In the Spotlight

First MTG imaging satellite detecting lightning across Europe and Africa

In the Spotlight

First MTG imaging satellite detecting lightning across Europe and Africa

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    Another breakthrough milestone for first Meteosat Third Generation imaging satellite! Successfully launched by Arianespace on December 13, the satellite captured a tremendous first image of the Earth two months ago, using a major Earth observation instrument, the Flexible Combined Imager.


    © EUMETSAT & © ESA

    Today, the European Meteorological Satellite Organization (EUMETSAT) and the European Space Agency (ESA) have unveiled the first results from Europe’s first lightning detector. Meant to detect lightning strikes over Europe and Africa, the Lightning Imager instrument has been switched on and will be used so as to detect and predict severe storms. EUMETSAT and ESA have released a series of animations showing the Lighting Imager in action. The images are just amazing and represent a real step forward in the field of geostationary meteorology as the instrument will give weather forecasters greater confidence in their predictions of severe storms.

    Including four cameras covering Europe, Africa, the Middle-East and parts of South America, the Leonardo-built Lightning Imager detects light pulses produced by cloud-to-ground, cloud-to-cloud and intracloud lightning flashes. The instrument captures 1,000 images per second, day and night, detecting even a single lightning bolt faster than the blink of an eye.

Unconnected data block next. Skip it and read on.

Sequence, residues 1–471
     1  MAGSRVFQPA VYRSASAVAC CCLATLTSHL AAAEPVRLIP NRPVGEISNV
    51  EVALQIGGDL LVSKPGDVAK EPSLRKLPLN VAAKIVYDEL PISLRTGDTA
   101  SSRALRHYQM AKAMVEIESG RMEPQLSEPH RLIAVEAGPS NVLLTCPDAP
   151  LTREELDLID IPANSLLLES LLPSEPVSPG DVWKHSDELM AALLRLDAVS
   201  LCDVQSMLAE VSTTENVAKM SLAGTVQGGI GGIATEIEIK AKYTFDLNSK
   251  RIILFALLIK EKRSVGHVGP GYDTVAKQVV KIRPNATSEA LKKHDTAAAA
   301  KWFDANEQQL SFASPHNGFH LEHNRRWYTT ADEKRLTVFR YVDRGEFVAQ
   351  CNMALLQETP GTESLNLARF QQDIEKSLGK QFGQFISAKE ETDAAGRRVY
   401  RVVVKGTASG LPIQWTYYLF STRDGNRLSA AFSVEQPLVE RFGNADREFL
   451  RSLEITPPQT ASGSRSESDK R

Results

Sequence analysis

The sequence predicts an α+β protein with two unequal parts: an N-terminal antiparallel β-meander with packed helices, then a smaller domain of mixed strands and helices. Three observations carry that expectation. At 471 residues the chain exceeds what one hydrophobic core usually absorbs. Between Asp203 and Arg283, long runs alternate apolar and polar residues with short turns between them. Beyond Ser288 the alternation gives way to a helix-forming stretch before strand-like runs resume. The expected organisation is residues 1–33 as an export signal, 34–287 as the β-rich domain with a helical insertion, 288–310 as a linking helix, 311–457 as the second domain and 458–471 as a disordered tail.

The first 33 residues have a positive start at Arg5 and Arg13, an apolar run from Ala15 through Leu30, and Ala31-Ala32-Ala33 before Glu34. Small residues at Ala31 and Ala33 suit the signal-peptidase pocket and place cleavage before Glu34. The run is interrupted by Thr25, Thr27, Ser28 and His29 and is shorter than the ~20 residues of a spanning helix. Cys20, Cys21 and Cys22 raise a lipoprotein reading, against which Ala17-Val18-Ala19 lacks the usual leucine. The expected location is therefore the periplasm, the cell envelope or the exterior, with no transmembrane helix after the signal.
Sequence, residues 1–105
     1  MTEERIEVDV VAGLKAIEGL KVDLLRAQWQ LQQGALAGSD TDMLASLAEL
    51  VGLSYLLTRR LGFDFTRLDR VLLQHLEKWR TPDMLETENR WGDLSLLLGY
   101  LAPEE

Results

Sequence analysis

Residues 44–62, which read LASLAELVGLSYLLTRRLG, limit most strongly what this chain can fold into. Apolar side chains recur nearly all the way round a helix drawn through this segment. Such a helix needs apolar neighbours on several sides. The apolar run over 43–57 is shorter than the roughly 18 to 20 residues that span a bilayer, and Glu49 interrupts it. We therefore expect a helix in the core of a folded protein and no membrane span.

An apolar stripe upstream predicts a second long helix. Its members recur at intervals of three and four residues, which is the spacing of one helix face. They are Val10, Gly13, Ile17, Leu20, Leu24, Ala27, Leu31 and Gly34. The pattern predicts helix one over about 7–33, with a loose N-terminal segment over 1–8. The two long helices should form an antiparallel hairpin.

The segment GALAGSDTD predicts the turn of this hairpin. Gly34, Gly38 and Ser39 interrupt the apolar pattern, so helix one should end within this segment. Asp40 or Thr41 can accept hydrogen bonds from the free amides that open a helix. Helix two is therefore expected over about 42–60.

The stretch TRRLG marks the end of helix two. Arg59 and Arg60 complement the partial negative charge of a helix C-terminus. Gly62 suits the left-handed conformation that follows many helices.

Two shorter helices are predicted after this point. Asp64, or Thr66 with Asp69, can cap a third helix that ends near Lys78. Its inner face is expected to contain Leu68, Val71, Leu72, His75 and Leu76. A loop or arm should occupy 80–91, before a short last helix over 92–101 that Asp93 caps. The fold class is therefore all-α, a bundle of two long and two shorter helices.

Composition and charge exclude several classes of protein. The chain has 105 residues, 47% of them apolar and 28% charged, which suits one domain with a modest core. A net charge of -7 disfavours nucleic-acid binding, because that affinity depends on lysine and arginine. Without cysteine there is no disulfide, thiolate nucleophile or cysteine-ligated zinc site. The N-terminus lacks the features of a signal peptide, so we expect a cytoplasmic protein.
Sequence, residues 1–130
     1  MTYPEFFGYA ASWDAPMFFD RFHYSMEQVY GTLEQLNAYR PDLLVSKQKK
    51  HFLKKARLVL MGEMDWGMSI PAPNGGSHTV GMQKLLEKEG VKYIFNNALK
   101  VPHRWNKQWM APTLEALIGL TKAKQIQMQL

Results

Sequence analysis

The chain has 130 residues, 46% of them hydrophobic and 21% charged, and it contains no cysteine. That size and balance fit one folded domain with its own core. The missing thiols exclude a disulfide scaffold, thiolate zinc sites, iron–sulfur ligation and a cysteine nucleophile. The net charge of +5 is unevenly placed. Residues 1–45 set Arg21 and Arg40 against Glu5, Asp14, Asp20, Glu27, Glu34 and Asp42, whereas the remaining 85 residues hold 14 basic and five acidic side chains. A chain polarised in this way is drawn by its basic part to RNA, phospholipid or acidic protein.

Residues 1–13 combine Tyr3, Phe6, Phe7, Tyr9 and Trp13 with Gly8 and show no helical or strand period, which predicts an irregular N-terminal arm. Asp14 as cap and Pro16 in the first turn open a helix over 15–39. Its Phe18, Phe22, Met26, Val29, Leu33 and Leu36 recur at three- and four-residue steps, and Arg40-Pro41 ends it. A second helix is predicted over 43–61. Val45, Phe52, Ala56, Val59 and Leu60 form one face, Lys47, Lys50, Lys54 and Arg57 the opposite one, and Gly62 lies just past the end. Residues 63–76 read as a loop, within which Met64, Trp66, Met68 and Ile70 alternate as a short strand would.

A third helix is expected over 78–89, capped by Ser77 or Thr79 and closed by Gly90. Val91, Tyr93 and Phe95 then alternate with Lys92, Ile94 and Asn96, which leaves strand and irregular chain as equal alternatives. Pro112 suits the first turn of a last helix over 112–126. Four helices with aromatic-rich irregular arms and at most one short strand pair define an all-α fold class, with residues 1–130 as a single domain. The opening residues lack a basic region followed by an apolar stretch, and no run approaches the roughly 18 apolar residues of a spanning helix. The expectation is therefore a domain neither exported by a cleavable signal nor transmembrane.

One has to know that severe storms are often preceded by abrupt changes in lightning activity. By observing these changes, the instrument will provide weather forecasters with even more additional confidence in their forecasts of severe storms, as explains EUMETSAT Director-General Phil Evans. Combining the data from the Flexible Combined Imager to the ones of the Lightning Imager will increase the accuracy of weather forecasting. Meteorologists will be able to track and anticipate the development of severe storms, and warn the concerned authorities much in advance.

    Thales Alenia Space, MTG prime contractor, built the imaging instrument, the Flexible Combined Imager, and integrated the MTG-I1 satellite, for which OHB supplied the platform and the telescope. The Lightning Imager was developed by Leonardo.

    The data from the Lightning Imager will be available for operational use in 2024.

    MTG at a glance

    MTG Solar Panels Deployment

    © Thales Alenia Space / Imag[IN]

    This first satellite in the MTG family will be joined by three other imaging satellites (MTG-I) and two atmospheric sounding satellites (MTG-S), to be launched between 2025 and 2033, forming a constellation in geostationary orbit. Operated by EUMETSAT, this system marks a significant advance in the monitoring of extreme meteorological events. Meteorologists are eagerly awaiting these new satellites, which will significantly improve weather forecasting to revolutionize modern meteorology. The imaging models are fitted with lightning detectors, while the sounders will be able to provide 3D maps of the atmosphere. Once all satellites are in orbit, EUMETSAT will offer the world’s most sophisticated weather forecasting services.